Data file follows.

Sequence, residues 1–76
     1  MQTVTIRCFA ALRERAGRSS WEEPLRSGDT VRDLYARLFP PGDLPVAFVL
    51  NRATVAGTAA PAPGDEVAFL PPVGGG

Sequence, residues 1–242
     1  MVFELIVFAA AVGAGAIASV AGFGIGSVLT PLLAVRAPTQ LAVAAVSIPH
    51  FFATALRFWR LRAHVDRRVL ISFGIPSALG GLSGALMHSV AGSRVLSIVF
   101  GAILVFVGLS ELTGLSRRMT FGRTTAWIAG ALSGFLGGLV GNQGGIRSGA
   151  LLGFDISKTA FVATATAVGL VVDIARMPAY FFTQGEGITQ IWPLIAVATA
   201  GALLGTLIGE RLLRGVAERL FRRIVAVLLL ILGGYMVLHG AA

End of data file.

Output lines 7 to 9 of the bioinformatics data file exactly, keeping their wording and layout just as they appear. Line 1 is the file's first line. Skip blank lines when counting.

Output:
   101  GAILVFVGLS ELTGLSRRMT FGRTTAWIAG ALSGFLGGLV GNQGGIRSGA
   151  LLGFDISKTA FVATATAVGL VVDIARMPAY FFTQGEGITQ IWPLIAVATA
   201  GALLGTLIGE RLLRGVAERL FRRIVAVLLL ILGGYMVLHG AA